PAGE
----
AP NEWS

Allow no U.S. intervention in Venezuela

May 5, 2019

As a Texan, it is concerning to see the White House’s obsessive and almost sadistic attacks on Venezuela.

These unprovoked acts of violence against the Venezuelan economy, currency, infrastructure and citizens are unwarranted. This is a nation that has not posed any sort of threat to the United States, and our continued interventions could destabilize the entire region with disastrous results for generations.

I urge Texas members of Congress to co-sponsor HR 1004 and Texas senators to sign on to S.J. Res. 11 as a first step in de-escalating aggression against Venezuela. Both bills prohibit the unauthorized use of the military against Venezuela.

Furthermore, I ask that Congress urge the White House to lift all sanctions and economic blockade against the besieged South American nation, which former U.N. Special Rapporteur Alfred de Zayas said are killing Venezuelans and may amount to a crime against humanity.

The hardships that the Venezuelan people are enduring can easily be relieved if sanctions are lifted, the billions of dollars of frozen Venezuelan assets are released and appropriated funds returned.

The brazen efforts by the U.S. to topple a democratically elected president and install in his place a relatively unknown, unelected person who proclaimed himself president in a public park and who belongs to a discredited, undemocratic opposition is unacceptable, and most likely illegal and unconstitutional. It is an insult to Venezuelans and a mockery of the democratic principles that the U.S. publicly proclaims.

After demanding that early national elections be held on May 20, 2018, instead of December — which is when Venezuela normally has elections — the opposition then turned around and boycotted the elections.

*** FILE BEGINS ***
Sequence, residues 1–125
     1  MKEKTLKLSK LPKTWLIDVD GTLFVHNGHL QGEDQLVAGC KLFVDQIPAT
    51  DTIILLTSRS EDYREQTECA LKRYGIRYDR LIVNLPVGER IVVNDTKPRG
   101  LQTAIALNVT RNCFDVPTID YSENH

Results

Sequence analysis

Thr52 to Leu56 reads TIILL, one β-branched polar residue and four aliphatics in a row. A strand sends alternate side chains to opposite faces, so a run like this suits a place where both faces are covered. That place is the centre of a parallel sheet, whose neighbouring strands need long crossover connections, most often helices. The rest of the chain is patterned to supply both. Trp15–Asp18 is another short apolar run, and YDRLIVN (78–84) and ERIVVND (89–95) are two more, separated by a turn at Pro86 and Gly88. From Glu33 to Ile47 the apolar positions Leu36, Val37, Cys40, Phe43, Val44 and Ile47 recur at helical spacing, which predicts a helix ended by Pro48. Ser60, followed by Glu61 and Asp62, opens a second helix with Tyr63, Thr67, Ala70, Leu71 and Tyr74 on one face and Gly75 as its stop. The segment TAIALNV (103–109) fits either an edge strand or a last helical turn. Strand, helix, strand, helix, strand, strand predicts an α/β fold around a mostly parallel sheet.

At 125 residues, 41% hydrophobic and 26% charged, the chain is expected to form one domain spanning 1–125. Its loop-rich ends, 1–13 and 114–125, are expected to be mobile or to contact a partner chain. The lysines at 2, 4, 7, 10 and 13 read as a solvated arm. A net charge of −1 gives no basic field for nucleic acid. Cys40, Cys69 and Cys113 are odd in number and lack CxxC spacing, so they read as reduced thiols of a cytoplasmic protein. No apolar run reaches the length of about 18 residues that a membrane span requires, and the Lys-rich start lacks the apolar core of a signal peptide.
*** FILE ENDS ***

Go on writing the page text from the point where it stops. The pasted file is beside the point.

But despite all this, four candidates still ran for office with a 46 percent voter turnout. Out of 8.6 million registered voters who cast ballots, 5.8 million voted for the incumbent. This was done under the watchful eyes of about 150 on-the-ground international observers from about 30 countries, which included people from the United States, Spain, Germany, South Africa, various Latin American and Caribbean countries, the United Kingdom and Russia — just to name a few. These were academics, senior politicians, two former presidents, election officials, journalists and civil servants, all confirming the authenticity and legitimacy of the elections.

However, despite this, the Venezuelan opposition, Washington and about 14 Latin American countries, some with governments that have dubious claims to legitimacy of their own, decided to not recognize the electoral outcome, calling the elections a sham.

The goal of the opposition is not just to unseat President Nicolás Maduro but to eradicate Chavismo, a popular movement named after the late President Hugo Chávez, which Maduro has inherited and continues to support.

People from the popular sectors of Venezuelan society support this movement because they have seen real improvements in their lives. They refuse to return to the political and socioeconomic system that ruled over them prior to Chávez, which excluded them totally.

The hard-line opposition wants to return to the pre-Chávez era, a four-decades-long, two-party duopoly in which the concerns of the working classes were invisible and a tiny minority, along with their international business partners, enjoyed most of Venezuela’s wealth. They have been actively attempting to overthrow the government ever since Chávez won elections in 1999.

To be sure, Venezuela is a highly polarized and stratified society. But claims that the Maduro regime is a dictatorship are absurd. Uruguayan journalist and novelist Eduardo Galeano said it best — that if Venezuela is a dictatorship, it is a strange dictatorship. “It is where the rich protest and the poor celebrate,” and where those who plot openly to oust the government still hold government jobs.

Jovanni Reyes is an U.S. Army veteran who holds master’s degrees in international relations and instructional technology. He lives in San Antonio.